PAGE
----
There is magic and mystery to a predawn winter’s day. I rediscovered that last week, waking up to a full moon as gold and round as a freshly baked soda biscuit. A mantle of fresh snow responded in glistening blue-white. Sparkles of color twinkled skyward, subtly enhanced by the steady glow of crystallized fireflies. They had frozen to death with their lights on.
There had been an eclipse of some sort in the far west, but that didn’t have bearing on my reverie. The grandeur of illusion transformed commonality into perfection and imperfection into exaltation. Blue white roofs made every house a glowing mansion, evoking reverence. Even the snow clad cinder block, left over from a building project, radiated glory, and the blacktopped streets, their cracks and potholes shrouded in darkness, formed bold and perfect borders between the scenes.
This must be the kind of scene that inspired such songs as “Moonlight in Vermont” and “White Christmas,” which captivated us in the days of our youth. It is a deceptive presentation, alluring from the comfort of a warm living room but fraught with bitter cold reality if you wander into it unprepared. It is the season of tradition when we long for the old country church with its tall, narrow windows and even taller steeple. In reverie it beckons us inward to the discomfort of hard wooden benches and pelvic bones pushing through our buttocks. It was cold in winter, hot in summer, and noisy because of bare wooden floors and hard, echo prone walls. Visiting today, we wouldn’t stay long. As C. S. Lewis wrote about romance, “Five minutes’ genuine toothache will reveal romantic suffering for the nonsense that it was.” “The way things were” is not the way things were.
Nevertheless, we are well into the season of good will when the realities of life are covered with syrup and we pretend that we are not going head over heels into debt. It takes a bit more effort in our day. I have already heard people talking about the onslaught of Christmas and the debilitating pressure it brings. Thanksgiving ends in “Black Friday” on Thursday afternoon, when shoppers not only suspend belief but take leave of their senses. We seem to have absorbed the turkey’s intelligence as well as his drumsticks.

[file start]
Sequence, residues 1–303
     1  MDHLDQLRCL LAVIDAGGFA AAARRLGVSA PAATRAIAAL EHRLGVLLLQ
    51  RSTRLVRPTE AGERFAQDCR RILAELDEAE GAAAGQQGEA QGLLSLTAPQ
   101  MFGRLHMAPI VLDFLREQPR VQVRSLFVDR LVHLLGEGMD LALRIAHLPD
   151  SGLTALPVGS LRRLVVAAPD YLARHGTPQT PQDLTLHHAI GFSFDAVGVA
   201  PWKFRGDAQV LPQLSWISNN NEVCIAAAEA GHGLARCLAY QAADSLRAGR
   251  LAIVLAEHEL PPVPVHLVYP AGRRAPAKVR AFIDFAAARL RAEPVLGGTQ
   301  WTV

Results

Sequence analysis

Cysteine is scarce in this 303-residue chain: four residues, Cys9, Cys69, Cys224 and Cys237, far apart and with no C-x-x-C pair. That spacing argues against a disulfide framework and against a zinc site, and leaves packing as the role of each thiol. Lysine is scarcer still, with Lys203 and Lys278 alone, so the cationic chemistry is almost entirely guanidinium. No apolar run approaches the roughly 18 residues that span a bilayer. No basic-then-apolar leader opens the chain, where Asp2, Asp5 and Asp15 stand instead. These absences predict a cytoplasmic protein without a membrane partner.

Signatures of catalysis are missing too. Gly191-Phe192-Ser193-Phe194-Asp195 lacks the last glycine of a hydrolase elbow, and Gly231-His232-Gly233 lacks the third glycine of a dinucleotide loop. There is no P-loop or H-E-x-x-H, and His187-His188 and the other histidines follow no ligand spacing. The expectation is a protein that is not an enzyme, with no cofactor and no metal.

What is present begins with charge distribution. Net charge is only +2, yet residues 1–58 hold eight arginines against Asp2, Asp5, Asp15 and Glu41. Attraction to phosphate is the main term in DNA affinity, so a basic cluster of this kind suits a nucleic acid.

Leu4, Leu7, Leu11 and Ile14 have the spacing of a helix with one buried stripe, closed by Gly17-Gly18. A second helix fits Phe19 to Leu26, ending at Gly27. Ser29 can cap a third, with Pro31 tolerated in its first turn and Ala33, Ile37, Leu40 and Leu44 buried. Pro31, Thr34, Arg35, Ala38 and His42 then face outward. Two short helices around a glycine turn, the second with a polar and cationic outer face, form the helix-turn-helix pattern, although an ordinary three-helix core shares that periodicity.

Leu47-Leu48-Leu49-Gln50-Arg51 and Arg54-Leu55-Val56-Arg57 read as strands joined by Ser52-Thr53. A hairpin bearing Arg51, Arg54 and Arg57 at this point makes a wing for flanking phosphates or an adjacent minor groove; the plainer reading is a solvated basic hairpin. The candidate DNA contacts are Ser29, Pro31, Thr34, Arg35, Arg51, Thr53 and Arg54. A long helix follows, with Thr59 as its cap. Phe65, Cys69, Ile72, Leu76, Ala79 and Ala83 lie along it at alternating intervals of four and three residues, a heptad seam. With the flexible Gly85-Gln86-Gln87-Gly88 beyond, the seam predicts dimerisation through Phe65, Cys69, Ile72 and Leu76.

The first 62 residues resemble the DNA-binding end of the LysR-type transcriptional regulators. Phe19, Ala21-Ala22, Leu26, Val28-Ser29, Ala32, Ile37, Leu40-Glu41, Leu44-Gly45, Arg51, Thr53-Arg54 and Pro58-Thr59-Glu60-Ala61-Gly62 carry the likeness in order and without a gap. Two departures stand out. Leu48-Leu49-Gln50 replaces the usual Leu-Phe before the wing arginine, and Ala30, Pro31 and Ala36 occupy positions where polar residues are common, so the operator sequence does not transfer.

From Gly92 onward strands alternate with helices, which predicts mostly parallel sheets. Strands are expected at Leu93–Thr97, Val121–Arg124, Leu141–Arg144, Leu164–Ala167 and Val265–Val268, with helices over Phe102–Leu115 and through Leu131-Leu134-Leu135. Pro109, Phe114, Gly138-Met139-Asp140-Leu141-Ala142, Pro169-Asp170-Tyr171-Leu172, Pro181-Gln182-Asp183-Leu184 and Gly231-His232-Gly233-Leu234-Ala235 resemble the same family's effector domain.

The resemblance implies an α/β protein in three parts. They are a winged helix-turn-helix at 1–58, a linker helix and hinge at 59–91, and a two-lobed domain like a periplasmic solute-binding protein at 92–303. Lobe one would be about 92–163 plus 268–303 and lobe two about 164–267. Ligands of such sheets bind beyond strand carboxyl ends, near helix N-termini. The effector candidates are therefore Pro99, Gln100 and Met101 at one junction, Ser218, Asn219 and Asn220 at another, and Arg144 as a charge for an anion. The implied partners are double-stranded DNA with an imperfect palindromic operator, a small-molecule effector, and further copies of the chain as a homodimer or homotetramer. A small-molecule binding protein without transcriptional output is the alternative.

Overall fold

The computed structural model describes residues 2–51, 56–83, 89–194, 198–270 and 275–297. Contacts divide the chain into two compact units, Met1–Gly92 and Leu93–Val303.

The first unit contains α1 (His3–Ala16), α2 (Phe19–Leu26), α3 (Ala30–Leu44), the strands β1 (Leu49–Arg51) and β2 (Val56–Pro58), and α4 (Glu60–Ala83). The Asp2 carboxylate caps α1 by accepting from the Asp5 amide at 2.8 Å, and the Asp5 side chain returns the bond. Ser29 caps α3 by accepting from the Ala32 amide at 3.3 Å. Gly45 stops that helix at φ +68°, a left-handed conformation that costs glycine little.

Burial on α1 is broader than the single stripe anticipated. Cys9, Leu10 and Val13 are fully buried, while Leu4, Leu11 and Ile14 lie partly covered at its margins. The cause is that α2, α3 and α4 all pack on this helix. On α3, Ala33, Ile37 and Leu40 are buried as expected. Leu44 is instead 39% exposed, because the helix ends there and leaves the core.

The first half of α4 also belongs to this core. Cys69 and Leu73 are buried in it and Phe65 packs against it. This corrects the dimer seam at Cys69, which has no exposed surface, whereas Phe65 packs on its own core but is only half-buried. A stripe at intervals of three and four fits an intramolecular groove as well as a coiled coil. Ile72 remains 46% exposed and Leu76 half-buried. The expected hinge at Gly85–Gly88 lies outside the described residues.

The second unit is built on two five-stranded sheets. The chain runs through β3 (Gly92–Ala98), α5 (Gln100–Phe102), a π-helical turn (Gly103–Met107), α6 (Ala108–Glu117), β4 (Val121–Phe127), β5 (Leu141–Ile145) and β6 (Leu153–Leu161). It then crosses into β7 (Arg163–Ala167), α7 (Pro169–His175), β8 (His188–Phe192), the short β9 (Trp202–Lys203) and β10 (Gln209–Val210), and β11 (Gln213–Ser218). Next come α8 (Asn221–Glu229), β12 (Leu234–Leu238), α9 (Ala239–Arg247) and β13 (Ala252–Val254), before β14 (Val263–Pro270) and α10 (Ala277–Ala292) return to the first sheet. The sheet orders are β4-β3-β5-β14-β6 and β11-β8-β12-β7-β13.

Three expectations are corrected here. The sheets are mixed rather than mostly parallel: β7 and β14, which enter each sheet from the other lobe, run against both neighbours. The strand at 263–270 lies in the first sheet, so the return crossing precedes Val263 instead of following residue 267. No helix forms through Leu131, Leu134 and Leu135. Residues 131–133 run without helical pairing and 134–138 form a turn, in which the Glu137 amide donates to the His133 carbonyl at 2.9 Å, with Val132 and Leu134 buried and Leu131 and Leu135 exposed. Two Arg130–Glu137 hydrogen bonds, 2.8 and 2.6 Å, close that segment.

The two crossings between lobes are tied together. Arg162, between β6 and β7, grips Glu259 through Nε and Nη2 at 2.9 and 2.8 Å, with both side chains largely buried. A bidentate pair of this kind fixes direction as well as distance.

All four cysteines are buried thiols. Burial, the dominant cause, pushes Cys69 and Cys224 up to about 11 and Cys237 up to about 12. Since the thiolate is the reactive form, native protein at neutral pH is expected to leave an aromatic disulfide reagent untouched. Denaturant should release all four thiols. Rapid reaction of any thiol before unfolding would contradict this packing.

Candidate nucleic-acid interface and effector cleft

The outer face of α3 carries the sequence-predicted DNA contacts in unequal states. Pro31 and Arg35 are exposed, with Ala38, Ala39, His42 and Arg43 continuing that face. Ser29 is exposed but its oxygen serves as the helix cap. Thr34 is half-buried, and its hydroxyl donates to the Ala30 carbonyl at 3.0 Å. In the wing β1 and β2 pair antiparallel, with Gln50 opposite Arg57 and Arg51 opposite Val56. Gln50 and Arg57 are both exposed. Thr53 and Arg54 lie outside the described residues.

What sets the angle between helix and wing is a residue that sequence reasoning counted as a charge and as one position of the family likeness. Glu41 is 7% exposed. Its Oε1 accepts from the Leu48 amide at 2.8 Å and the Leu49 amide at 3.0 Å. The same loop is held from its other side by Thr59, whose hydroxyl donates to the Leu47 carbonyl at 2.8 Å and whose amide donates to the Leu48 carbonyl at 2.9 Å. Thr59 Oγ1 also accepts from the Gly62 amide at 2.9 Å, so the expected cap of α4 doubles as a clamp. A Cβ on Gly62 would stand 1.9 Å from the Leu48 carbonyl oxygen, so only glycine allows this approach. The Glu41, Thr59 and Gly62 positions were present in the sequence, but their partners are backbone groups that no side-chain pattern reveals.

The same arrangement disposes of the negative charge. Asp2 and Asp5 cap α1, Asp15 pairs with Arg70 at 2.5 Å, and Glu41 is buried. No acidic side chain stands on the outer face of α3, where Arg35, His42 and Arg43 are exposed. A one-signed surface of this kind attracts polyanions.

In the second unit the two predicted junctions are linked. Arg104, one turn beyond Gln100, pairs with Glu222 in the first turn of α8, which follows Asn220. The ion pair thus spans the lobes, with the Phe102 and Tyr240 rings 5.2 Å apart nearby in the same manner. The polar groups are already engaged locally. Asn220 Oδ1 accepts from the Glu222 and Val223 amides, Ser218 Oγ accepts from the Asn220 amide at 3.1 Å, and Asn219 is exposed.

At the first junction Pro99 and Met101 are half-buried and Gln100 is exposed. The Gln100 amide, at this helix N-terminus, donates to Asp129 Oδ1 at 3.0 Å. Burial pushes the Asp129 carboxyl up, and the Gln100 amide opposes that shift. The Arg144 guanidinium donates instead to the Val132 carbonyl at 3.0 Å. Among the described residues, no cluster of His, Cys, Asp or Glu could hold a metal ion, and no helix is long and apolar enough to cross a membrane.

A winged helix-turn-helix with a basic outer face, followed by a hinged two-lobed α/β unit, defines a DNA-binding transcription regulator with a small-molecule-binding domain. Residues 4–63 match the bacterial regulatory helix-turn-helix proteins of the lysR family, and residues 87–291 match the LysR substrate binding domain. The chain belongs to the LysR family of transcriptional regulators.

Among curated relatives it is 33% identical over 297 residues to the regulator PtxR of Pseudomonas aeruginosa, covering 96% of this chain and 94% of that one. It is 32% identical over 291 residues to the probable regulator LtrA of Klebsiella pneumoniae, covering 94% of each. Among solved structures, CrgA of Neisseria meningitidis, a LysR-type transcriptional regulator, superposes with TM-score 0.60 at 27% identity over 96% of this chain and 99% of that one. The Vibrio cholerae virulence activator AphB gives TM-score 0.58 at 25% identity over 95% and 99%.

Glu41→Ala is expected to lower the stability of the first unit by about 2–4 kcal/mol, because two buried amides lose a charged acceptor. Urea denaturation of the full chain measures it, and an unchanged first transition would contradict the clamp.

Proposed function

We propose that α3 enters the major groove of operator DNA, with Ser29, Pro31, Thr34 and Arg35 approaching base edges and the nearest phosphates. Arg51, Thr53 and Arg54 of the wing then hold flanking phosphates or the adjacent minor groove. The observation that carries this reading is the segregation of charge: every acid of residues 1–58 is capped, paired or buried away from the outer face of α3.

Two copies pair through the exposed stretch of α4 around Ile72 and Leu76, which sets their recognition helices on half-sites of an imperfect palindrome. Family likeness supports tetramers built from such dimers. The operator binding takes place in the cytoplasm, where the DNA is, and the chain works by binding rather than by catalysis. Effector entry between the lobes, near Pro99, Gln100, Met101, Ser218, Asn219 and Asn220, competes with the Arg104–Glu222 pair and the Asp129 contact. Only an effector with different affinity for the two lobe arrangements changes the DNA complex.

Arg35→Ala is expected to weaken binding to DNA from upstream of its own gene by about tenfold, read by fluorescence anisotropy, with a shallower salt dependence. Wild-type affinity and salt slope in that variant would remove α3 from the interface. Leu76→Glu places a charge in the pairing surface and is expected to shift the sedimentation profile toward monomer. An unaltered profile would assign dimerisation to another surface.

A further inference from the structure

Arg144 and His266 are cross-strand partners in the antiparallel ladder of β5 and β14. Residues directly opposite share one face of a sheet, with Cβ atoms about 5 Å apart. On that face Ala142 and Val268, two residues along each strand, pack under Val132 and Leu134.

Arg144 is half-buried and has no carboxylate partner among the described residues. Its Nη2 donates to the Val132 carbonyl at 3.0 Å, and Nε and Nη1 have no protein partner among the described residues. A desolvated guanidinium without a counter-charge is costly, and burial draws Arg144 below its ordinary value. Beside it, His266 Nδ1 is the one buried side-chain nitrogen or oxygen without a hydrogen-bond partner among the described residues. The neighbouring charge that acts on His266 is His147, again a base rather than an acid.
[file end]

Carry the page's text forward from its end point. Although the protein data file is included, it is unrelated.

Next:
How different things are from old time childhood when we really experienced the carols we sang and really believed that peace and good tidings were imminent. I remember innocently praying for our wartime enemies when our “pillars of example” spoke quite differently. Judgment was coming, and it would be levied against “them.” I hadn’t meant to share this illustration, but it’s daylight and the reverie is wearing off. It’s back to the banging of garbage cans and the babbling of newscasters.
The Earth has tilted even further on its axis, they say, and I wonder, “In whose favor?” Worse yet, we’re about to go nose down into the worst winter solstice on record. The days are shorter because the tilt is 10 inches steeper, so there will likely be no daylight at all on Dec. 21. One of the early reports had the earth tilting by an additional 26 degrees, which would leave the poles virtually sideways to the Sun. “Lo de do de do” wailed the grief stricken King Lear. Relax. Cooler heads have prevailed. The nightly weather report will tell you the amount of axis shift since yesterday. If the weather guy isn’t stressed, you need not be.
I know I’ve drifted into silliness, but I was born this time of year and the magnetic fields are shifting, too. Catastrophe is not upon us, though. That’s just what the fear mongers would have us believe. They gain followers and wealth that way, draining us of joy and assets until their predictions fail and they are exposed. There is a Christmas Day on the other side of solstice, even if some people don’t call it that. It is the kind of day and the kind of season we declare it to be. Hope and good will still command the vessel of life. They grow best in a childlike spirit of acceptance, especially in a state of reverie.
Jim Stockton is a retired bookkeeper who lives in Belding.